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Only 40 percent of Gaza's post-war aid delivered: Officials

World Bank and Palestinian Authority officials have raised concerns over lack of funding for reconstruction efforts in the Gaza Strip
Palestinian workers removes debris from buildings which were destroyed during the war (AFP)

Officials from the Palestinian and International community have raised concerns over the progress of reconstruction efforts in the Gaza Strip, after only 40 percent of the money pledged was delivered. 

Palestinian prime minister Rami Hamdallah said they were able to repair more than 100,000 partially damaged homes, while giving compensation to businesses damaged in the war between Israel and Hamas and other Palestinian factions.

But he warned that funding was drying up.

"We call upon you to honour your obligations and effectively contribute to saving Gaza," he told a conference of donors, United Nations officials and others in the city of Ramallah in the occupied West Bank.

International donors last October pledged $3.5bn to rebuild the Gaza Strip after the 51-day war that killed more than 2,000 Palestinians, the vast majority of whom were civilians.

Speaking to a conference of donors and UN officials in the Occupied West Bank, Hamdallah said ""we call upon you to honour your obligations and effectively contribute to saving Gaza".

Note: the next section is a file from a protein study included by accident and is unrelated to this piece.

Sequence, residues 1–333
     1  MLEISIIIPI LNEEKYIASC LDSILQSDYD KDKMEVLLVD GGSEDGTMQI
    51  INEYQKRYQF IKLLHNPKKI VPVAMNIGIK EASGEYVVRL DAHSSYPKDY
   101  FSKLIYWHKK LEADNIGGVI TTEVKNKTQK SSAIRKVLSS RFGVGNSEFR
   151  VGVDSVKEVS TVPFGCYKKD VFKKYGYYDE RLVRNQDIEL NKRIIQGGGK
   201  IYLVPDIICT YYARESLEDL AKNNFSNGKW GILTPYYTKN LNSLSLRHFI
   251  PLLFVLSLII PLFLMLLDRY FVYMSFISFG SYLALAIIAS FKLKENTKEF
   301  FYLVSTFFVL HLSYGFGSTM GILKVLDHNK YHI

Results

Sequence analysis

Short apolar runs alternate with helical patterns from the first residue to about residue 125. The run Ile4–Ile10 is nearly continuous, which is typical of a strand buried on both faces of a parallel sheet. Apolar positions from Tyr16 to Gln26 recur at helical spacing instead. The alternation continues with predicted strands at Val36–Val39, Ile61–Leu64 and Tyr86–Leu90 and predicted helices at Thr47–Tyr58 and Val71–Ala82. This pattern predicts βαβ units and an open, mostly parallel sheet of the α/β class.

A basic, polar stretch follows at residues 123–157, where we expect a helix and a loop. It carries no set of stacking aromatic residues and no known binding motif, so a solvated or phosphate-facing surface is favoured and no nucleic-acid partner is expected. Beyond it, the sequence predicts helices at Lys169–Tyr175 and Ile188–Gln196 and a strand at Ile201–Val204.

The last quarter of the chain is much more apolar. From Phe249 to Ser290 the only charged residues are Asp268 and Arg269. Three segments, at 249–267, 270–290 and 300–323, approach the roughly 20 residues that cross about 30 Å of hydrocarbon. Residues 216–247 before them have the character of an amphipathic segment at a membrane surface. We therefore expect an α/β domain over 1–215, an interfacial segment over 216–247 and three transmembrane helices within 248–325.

Gaza remains under an Israeli blockade, which limits the import and export of goods and restricts many basic materials, such as wood and concrete.

Israeli fears of construction material being used for militant purposes has also been blamed for impeding reconstruction efforts in the Gaza Strip. 

The UN's special coordinator for the Middle East peace process, Nickolay Mladenov, said: "Reconstruction is progressing and it is progressing because of the excellent efforts of both the government of Palestine and international community".

"But the difficulties in Gaza remain."

Bashir Rayyes, the Palestinian Authority's coordinator for Gaza reconstruction, said reconstruction was suffering from shortages.

"The big part of the third [of funds delivered] went to humanitarian assistance and feeding people and what have you. So, what we really have for the Gaza reconstruction is less than $400m, way less than $400m, and that in itself is a very big problem."

"[The $400m] only brings Gaza back to its previous misery in 2014, but that's not enough."

He said at the current rate, the reconstruction efforts could continue until as late as 2020.

Concerns over the funding for reconstruction efforts on the Gaza Strip come amid recent announcements of Israel expanding the Gaza fishing zone from seven to nine nautical miles.